Among the five key areas that we at the Commission are looking at is access to knowledge. In that we have spoken about the need to significantly increase access to institutions of learning both at the primary as well at the higher levels of education.

Once we make access uniform I am sure you would begin to see all sections of society make gains. To improve access we must improve quantity and quality of higher education.

What is fundamentally wrong with the quota system? How do you offset the injustice meted to OBC and others since many centuries?

There is nothing fundamentally wrong with the quota system as long as it is applied judiciously and at the right levels. It cannot become a blanket solution for all time to come.

It is absolutely imperative that we right wrongs done to a vast section of our society. The question is whether keeping them frozen in those labels forever is the right approach. I do not think so.

What we need is to create opportunities for everyone of equal merit to have proper access. On this subject there are many views and many sentiments. At times people look at this in terms of black and white while there are many shades of gray.

Would you like to share your own struggle to come up in life although you had a caste disadvantage? Did you face social speed-breakers or not?

It is my considered position to reject labels on the basis of anyone's birth. It is an outdated, antiquated thinking to keep talking about caste based disadvantages. The first step for me is to reject all such labels in the 21st century and focus on equality for youth.

In my case ;hard work, good education and focus on technology helped me a great deal to overcome any disadvantages that I had because of what people still obsessively describe as caste.

Technology gave me an equal footing for everything I have done in my life and career. I have said this before. Technology is a great leveler, second only to death. I have always negotiated challenges on the basis of my whatever little intrinsic merit quality and perseverance. I have never taken the route of quota or reservations. I hope this shows that it is possible.

... Read more !

Arjun Singh shows complete ignorance on Human Resources Development policy and Reservations issue

Arjun Singh claims to have proposed the Caste-based Reservations for "Other Backward Classes" for "social development". However, it is obvious that soclail development is very far from his mind -- and Casteist vote bank politics much closer -- when he fails to answer any questions at all on how his Reservations will help when 58 years of Caste-based Reservations for SC/STs has not improved their lot at all. He exhibits complete ignorance of history, sociology, past effects of Reservations, and the expected effects of his actions. He does not even know what percentage of India's population are OBC's, and cannot justify why he chose to allocate 27% of Reserved seats to them -- why not 10% or 40%, say. He just arbitrarily pulled the numbed out of thin air.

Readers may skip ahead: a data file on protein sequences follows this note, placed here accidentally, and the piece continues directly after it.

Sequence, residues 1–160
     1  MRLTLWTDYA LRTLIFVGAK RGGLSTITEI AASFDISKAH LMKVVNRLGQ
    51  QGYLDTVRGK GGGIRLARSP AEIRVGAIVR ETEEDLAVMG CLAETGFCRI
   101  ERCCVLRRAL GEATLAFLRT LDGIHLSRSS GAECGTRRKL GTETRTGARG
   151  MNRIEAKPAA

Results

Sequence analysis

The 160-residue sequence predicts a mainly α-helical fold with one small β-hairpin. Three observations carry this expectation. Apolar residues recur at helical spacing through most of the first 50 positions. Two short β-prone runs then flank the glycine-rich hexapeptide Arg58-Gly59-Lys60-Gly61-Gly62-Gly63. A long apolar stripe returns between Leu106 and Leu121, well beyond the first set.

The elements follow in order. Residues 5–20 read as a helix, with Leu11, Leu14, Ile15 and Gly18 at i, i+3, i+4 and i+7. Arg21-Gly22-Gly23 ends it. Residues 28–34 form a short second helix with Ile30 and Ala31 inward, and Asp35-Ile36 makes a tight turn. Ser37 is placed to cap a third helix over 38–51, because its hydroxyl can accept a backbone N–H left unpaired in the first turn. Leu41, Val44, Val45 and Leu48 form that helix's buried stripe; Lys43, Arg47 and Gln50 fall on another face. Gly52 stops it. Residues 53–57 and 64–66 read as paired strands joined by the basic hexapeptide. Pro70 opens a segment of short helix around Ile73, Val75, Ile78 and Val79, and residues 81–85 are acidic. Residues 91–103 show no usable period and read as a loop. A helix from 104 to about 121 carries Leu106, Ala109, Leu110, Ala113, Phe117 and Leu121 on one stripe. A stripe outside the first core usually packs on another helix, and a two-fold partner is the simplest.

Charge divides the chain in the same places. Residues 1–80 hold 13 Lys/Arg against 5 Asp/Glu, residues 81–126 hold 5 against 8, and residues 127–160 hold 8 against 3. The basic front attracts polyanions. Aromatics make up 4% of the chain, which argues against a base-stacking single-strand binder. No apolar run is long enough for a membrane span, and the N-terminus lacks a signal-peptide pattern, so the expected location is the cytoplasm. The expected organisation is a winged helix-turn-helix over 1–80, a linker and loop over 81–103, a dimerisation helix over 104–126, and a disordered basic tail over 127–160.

Just read the interview, and I am sure some interesting questions will pop into your mind. Such as...

How did this idiot ever get elected as Human Resources Development Minister ?

A better question: How did this idiot ever graduate from primary school ? From this conversation he seems to have an IQ of about 10 !

May God save the People of India from being ruled by complete idiots of this kind !
CNN-IBN reports:
Decision on quota is final: Arjun

Karan Thapar: Hello and welcome to the Devil's Advocate. As the debate over the reservations for the OBCs divides the country, we ask: What are the government's real intentions? That is the critical questions that I shall put today in an exclusive interview to the Minister for Human Resource Development Arjun Singh.

Karan Thapar:Most of the people would accept that steps are necessary to help the OBCs gain greater access to higher education. The real question is: Why do you believe that reservations is the best way of doing this?

Arjun Singh: I wouldn't like to say much more on this because these are decisions that are taken not by individuals alone. And in this case, the entire Parliament of this country - almost with rare unanimity - has decided to take this decision.